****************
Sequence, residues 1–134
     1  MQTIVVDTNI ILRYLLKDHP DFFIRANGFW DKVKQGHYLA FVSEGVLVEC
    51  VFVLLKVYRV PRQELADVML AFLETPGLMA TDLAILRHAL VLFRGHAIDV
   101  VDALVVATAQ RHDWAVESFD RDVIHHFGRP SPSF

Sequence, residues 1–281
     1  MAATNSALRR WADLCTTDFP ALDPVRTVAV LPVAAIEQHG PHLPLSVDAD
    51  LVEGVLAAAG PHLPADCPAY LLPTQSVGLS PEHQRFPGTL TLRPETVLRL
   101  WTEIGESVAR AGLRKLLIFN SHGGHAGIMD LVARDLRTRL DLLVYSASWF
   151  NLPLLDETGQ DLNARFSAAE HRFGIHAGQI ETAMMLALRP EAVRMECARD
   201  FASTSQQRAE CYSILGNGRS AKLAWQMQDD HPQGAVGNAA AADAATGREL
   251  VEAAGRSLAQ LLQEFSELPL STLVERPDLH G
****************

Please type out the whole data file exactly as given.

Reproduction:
Sequence, residues 1–134
     1  MQTIVVDTNI ILRYLLKDHP DFFIRANGFW DKVKQGHYLA FVSEGVLVEC
    51  VFVLLKVYRV PRQELADVML AFLETPGLMA TDLAILRHAL VLFRGHAIDV
   101  VDALVVATAQ RHDWAVESFD RDVIHHFGRP SPSF

Sequence, residues 1–281
     1  MAATNSALRR WADLCTTDFP ALDPVRTVAV LPVAAIEQHG PHLPLSVDAD
    51  LVEGVLAAAG PHLPADCPAY LLPTQSVGLS PEHQRFPGTL TLRPETVLRL
   101  WTEIGESVAR AGLRKLLIFN SHGGHAGIMD LVARDLRTRL DLLVYSASWF
   151  NLPLLDETGQ DLNARFSAAE HRFGIHAGQI ETAMMLALRP EAVRMECARD
   201  FASTSQQRAE CYSILGNGRS AKLAWQMQDD HPQGAVGNAA AADAATGREL
   251  VEAAGRSLAQ LLQEFSELPL STLVERPDLH G